2. A method of evaluating a treatment table for use in an ophthalmologic refractive surgery for a patient, the method comprising:
inputting a treatment table containing laser ablation instructions for treating the patient into a treatment instructions module;
determining a simulated ablation for the patient based on the laser ablation instructions with a simulation ablation module;
inputting a pupil dimension of the patient into a pupil dimension module;
determining an expected optical refraction for the patient based on the pupil dimension and the simulated ablation with an expected optical refraction module, wherein the expected optical refraction for the patient is dependent on a sphere ophthalmic term characterized by a set of second radial order polynomial terms;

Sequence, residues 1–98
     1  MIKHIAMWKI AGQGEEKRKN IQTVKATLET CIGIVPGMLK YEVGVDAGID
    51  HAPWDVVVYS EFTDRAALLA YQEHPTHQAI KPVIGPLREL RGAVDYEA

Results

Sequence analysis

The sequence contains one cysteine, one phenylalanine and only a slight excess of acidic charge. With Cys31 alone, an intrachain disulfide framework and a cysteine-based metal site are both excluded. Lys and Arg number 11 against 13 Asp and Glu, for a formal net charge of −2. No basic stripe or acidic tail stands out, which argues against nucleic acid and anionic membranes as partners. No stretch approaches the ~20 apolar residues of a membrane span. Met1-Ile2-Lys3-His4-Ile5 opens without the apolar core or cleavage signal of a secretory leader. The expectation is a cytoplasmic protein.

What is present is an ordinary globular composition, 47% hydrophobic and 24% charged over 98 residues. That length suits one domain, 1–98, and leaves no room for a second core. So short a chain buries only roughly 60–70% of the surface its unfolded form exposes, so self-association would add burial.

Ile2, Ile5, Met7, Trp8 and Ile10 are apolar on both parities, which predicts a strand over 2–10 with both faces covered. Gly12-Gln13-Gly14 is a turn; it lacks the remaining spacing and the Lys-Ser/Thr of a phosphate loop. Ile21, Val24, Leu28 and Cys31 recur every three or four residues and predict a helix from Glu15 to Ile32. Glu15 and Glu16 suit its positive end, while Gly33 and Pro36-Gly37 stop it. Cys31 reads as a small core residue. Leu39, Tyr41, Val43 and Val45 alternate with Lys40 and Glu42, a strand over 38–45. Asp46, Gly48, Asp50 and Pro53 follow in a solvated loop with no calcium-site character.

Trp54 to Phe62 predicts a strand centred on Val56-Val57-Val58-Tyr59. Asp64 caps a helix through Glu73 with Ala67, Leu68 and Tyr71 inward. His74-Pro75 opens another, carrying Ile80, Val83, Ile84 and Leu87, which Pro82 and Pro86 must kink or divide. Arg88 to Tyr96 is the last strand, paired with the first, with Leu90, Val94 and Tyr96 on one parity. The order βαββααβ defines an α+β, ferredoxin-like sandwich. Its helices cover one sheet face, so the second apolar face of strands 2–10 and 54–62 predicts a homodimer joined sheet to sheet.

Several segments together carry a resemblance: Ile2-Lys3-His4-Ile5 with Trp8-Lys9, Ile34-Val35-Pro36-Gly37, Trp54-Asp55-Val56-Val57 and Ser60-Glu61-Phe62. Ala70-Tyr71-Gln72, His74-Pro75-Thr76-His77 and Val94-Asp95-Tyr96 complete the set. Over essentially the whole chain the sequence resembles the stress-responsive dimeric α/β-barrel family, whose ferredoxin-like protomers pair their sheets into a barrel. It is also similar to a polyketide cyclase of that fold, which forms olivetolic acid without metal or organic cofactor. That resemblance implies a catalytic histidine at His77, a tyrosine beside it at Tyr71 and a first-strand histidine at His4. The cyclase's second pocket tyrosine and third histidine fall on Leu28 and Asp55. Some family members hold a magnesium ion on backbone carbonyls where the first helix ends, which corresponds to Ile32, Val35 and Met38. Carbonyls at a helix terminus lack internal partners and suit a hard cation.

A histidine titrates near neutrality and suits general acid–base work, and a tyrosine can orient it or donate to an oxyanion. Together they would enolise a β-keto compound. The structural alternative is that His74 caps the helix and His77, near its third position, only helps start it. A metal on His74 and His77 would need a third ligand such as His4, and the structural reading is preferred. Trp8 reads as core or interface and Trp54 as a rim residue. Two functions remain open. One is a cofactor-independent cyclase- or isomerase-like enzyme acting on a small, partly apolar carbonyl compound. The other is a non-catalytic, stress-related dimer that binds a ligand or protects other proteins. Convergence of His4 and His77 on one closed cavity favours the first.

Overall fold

inputting an intended optical refraction for the patient into an intended refraction module, wherein the intended optical refraction for the patient is dependent on a sphere ophthalmic term; and
evaluating the treatment table by comparing the expected and intended optical refractions for the patient with a comparison module.
3. The method according to claim 2, wherein the expected optical refraction and the intended optical refraction each correspond to a common plane.
4. The method according to claim 2, wherein the expected optical refraction and the intended optical refraction each correspond to a corneal plane.
5. The method according to claim 2, wherein the pupil dimension of the patient corresponds to a wavefront diameter related to a wavefront measurement of the patient.
6. The method according to claim 5, wherein the pupil dimensional of the patient comprises a pupil diameter that is equivalent to the wavefront diameter.